Exit Viewer

Confucian Prophet: Political Thought In Du Fu’s Poetry (752–757) By David K. Schneide ...

Read
image Next
Confucian Prophet:

Preface

Du Fu’s 杜甫 (712–770) place in Chinese literary history is second to none. This book argues that he also deserves a prominent place in the history of ideas and political thought. The philosophical reading of literary texts involves work in the no-man’s-land between literary criticism and political thought. Even in the Western humanities and social sciences, few have dared to emerge from their respective trenches to engage the other. In East Asian studies this field is virtually nonexistent. This, to my knowledge, is the first attempt to apply such an interdisciplinary approach to a significant body of poetry in the Chinese tradition.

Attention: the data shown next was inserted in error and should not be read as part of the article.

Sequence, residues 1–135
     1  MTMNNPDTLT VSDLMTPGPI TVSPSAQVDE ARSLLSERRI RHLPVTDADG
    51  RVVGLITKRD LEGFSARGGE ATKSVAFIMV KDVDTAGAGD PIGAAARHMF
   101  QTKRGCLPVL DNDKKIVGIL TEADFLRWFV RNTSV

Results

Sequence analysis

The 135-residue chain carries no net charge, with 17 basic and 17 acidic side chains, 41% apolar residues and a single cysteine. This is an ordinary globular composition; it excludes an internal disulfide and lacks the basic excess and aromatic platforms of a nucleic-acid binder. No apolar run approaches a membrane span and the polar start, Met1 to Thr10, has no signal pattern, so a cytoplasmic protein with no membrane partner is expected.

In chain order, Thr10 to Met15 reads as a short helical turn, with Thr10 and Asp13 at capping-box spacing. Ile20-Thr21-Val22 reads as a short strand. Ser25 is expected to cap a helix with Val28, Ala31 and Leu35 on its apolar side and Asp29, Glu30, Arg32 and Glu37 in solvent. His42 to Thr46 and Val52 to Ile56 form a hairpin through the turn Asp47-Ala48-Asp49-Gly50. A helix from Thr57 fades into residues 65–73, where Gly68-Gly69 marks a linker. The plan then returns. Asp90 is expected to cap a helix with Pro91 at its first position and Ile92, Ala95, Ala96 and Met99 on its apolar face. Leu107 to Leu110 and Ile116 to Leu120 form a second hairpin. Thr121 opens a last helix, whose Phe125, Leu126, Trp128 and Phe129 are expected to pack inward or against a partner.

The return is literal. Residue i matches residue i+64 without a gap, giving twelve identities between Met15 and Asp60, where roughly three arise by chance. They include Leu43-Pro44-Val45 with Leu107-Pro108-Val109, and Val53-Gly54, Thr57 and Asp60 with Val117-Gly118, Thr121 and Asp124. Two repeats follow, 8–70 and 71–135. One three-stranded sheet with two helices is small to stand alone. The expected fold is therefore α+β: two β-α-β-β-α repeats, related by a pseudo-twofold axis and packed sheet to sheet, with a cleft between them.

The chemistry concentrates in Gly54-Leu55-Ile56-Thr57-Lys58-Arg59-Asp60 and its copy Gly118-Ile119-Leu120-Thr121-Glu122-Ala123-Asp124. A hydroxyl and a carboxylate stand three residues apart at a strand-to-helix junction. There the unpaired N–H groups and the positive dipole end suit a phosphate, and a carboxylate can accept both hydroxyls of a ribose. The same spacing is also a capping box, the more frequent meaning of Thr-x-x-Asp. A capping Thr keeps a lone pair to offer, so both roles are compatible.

This is surprising given the intimate relationship between politics and literature from the very earliest stages of Chinese civilization. And it is especially surprising in the case of a poet such as Du Fu, who, as this book argues, was one of the first writers to emerge from the cataclysmic political events of his time, the An Lushan 安祿山 (703–757) Rebellion of 755 and the Tang political crisis that preceded it, events that prompted one of the great ages of political and cultural reassessment in Chinese history. That Du’s poems of this age are powerful and moving critiques of Tang politics and society is universally recognized. But there is no study that attempts to delineate and define the political ideas that underlie those